The Oxford History of the United States, 1783-1917

The Oxford History of the United States, 1783-1917

The Oxford History of the United States, 1783-1917

The Oxford History of the United States, 1783-1917

Excerpt

This book was written during my tenure of the chair of American History at Oxford, and in the hope of introducing British readers to the history of the United States. English historians such as Charnwood, Henderson, and Trevelyan have already illuminated certain high peaks of American history. I am proposing to guide their countrymen, as it were, through the valleys into the plains: to tell a story of intrinsic interest which may also serve to explain the United States of to-day.

The questions asked by my English friends and pupils have largely determined the scope and direction of the narrative. I have incorporated descriptions of the country and the people at different periods. I have devoted considerable space to the outstanding personalities from Washington to Wilson, to social and economic development, to Anglo-American and Canadian-American relations, to the Civil War, and to the forty years preceding America's entry into the Great War. Interest in America and her history is so rapidly increasing among the younger generation that I have felt justified in adding a selected bibliography of the vast literature of the subject.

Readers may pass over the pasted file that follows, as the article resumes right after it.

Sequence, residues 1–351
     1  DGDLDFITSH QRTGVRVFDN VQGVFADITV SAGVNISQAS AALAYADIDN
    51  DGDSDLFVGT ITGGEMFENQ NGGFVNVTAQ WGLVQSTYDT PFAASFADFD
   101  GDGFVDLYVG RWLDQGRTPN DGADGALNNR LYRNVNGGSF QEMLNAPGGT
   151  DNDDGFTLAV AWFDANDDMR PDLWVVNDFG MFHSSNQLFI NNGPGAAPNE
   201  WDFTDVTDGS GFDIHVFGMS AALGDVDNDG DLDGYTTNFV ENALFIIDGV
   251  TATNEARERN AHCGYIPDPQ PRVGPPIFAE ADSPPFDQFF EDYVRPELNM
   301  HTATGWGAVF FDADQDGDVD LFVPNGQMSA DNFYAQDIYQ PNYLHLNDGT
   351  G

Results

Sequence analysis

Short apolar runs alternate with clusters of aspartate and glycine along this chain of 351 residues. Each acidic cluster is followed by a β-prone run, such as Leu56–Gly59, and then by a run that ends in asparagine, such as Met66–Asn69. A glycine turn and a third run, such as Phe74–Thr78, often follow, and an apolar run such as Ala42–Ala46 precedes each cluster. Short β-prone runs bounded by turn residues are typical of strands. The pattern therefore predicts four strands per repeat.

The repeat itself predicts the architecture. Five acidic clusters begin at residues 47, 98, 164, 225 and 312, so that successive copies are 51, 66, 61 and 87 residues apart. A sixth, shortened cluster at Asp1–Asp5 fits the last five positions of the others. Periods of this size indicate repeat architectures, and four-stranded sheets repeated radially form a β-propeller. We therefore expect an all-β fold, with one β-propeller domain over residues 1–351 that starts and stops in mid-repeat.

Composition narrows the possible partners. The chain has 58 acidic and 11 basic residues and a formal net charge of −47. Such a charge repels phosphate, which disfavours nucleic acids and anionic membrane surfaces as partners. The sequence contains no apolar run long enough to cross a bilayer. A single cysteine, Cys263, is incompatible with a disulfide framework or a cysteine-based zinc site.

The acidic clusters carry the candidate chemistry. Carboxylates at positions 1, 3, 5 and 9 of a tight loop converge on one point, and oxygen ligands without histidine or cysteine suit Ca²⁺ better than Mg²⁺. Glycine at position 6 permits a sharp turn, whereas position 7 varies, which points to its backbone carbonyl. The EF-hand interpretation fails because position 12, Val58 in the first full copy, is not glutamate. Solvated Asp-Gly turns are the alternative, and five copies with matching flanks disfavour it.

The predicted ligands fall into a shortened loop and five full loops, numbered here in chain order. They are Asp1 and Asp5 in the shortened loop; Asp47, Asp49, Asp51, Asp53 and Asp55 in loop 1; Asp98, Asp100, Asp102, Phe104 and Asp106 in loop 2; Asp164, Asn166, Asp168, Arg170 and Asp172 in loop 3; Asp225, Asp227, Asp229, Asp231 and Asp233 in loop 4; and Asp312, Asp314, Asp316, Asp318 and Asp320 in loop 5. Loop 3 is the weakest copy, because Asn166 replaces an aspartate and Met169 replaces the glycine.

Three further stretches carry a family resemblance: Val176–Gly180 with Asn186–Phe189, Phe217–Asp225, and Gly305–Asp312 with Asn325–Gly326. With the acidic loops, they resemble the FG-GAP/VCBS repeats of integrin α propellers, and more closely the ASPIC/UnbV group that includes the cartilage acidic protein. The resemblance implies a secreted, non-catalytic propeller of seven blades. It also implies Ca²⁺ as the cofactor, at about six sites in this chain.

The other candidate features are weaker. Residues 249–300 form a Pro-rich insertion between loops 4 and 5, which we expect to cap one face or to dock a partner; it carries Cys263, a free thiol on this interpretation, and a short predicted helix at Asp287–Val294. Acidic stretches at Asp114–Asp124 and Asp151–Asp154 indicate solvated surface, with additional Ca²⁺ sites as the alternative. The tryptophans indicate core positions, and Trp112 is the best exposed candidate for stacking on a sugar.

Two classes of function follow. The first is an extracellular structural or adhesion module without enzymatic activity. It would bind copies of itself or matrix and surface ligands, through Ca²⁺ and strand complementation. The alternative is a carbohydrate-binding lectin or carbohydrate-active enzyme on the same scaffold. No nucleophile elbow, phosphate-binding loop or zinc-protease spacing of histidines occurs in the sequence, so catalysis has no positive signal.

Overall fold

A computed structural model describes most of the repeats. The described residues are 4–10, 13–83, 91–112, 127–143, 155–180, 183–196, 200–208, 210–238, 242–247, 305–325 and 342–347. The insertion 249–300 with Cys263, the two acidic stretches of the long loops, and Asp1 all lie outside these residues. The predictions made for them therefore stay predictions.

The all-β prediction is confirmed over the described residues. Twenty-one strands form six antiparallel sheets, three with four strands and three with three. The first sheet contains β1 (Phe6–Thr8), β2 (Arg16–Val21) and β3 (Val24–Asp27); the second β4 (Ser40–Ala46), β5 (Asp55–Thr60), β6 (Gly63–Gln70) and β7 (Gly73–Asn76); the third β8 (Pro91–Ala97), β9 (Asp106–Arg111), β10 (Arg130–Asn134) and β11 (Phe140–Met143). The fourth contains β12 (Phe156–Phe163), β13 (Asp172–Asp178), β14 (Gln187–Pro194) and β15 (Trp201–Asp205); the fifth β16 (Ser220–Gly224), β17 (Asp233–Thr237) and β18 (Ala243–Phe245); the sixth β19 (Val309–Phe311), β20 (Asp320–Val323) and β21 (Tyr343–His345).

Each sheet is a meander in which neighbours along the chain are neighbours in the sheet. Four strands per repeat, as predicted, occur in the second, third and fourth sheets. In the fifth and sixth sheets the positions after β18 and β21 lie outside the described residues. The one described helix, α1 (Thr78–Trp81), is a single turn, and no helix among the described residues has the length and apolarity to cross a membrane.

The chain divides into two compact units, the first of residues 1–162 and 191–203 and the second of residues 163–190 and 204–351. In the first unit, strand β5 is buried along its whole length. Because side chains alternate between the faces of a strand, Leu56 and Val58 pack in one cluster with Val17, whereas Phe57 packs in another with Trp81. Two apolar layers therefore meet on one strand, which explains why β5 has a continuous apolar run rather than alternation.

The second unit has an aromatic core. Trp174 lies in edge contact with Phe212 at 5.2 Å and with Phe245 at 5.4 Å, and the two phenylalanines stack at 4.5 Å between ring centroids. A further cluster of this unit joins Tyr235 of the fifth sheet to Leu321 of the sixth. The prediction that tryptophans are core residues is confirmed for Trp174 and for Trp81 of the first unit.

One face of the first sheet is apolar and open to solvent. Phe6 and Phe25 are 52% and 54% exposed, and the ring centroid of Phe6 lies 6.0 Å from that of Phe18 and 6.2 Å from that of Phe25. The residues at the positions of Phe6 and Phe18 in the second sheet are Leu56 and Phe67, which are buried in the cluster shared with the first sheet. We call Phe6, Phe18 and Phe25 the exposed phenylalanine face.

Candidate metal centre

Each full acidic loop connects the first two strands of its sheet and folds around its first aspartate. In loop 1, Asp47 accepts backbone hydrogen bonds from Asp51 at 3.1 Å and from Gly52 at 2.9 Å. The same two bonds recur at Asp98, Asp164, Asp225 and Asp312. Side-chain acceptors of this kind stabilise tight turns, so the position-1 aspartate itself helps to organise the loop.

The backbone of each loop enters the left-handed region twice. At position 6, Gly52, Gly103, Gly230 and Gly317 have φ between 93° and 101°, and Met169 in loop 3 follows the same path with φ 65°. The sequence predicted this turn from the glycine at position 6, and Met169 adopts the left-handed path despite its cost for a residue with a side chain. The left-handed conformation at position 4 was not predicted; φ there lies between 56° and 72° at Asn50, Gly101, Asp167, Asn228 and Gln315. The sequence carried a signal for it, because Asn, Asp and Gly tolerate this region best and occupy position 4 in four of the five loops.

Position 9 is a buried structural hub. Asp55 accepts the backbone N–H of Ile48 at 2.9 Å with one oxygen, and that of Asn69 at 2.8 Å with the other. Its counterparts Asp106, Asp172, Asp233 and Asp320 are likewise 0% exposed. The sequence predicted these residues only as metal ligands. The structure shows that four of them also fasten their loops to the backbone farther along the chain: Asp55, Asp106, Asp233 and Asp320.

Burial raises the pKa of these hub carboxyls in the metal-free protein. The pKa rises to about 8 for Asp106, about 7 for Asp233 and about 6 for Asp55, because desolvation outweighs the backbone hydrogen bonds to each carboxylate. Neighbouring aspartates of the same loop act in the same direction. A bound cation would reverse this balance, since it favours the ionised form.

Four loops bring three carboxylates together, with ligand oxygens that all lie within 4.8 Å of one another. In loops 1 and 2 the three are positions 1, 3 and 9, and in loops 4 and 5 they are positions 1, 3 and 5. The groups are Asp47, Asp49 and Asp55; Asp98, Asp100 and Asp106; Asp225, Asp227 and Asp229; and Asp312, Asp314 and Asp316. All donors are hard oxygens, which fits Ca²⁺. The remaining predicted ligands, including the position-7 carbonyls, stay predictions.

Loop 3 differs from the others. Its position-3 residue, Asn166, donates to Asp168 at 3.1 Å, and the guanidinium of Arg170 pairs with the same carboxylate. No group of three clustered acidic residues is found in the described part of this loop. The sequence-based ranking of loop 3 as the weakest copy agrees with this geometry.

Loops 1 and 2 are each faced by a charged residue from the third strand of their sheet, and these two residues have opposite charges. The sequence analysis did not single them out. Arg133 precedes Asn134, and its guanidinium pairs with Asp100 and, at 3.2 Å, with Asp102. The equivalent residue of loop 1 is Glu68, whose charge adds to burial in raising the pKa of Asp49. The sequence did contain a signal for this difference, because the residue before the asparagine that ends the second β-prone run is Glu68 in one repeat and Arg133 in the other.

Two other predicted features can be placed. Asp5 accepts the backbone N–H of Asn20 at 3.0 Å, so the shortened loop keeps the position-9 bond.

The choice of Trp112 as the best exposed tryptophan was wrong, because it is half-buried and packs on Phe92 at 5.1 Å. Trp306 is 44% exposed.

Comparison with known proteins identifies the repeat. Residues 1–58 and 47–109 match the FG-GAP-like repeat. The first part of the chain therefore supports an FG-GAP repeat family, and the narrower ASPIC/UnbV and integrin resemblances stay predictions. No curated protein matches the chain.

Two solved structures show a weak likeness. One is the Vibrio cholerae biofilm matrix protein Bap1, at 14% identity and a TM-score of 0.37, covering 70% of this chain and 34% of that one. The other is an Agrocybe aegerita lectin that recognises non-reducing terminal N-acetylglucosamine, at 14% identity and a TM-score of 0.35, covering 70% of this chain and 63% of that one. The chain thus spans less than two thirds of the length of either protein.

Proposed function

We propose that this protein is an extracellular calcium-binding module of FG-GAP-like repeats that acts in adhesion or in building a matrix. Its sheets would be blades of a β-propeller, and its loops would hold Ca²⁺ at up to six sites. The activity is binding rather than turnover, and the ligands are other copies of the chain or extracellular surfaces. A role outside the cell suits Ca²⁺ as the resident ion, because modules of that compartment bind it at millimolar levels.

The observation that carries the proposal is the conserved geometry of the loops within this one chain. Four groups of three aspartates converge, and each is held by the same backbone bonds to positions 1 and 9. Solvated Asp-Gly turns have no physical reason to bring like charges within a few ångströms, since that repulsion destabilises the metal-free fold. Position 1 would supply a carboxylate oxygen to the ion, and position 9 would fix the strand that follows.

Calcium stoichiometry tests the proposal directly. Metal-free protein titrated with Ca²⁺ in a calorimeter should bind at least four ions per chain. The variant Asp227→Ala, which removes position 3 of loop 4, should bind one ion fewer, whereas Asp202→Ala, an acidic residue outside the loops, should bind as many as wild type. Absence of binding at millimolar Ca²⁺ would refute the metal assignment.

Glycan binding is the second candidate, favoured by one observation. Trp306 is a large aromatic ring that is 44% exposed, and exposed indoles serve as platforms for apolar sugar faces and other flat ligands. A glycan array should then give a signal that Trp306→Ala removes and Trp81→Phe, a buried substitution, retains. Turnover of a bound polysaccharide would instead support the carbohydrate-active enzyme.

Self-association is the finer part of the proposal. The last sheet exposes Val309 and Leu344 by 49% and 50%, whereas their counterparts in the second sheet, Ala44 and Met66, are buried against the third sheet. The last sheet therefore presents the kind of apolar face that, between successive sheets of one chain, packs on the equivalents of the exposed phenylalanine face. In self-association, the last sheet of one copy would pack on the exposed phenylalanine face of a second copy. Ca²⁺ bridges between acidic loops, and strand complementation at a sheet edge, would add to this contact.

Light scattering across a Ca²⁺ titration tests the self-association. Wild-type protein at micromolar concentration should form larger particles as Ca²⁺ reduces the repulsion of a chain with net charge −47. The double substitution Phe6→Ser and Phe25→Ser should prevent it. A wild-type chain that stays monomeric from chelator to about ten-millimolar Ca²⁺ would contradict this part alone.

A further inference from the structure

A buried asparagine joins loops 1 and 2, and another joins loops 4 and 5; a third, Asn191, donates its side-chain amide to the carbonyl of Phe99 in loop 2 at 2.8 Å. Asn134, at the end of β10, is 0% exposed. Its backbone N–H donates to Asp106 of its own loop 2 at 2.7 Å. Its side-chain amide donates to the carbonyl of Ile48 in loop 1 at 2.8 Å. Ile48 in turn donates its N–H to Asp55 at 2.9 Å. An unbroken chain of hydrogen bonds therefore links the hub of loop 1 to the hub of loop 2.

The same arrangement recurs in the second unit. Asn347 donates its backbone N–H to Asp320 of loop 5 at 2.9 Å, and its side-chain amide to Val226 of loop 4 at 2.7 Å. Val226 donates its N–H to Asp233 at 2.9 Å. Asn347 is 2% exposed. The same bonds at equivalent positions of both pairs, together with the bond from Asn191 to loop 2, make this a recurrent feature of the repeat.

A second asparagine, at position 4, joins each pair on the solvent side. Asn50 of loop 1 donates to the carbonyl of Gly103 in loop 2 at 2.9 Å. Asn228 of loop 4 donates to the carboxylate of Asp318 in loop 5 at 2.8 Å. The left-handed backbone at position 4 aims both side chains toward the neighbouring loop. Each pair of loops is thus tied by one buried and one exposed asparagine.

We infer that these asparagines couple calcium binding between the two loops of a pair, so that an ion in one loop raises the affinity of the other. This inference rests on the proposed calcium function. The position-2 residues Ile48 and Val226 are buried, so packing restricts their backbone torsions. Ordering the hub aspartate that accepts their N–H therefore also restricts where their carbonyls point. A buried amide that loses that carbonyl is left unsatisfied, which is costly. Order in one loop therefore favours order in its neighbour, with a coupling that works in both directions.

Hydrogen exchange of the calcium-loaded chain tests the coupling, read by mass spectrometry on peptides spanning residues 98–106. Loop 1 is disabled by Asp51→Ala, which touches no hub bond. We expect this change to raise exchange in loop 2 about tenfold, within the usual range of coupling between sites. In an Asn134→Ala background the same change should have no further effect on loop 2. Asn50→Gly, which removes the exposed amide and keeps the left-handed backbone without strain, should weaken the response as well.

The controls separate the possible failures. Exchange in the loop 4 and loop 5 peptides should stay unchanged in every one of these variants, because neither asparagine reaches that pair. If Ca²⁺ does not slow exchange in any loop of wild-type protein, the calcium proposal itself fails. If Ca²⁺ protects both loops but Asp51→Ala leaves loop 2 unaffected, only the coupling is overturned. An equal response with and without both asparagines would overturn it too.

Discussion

My excuse, for offering this book to my fellow countrymen also, is the point of view from which it was written. For, as an English poet (Charles Ashleigh) has said, 'England provides you with a quiet place in which to sit down in peace to write about America. And it gives you a far-off place of calm from which to view America.' Oxford is a haven of scholarly ease and quiet contemplation, compared with American . . .

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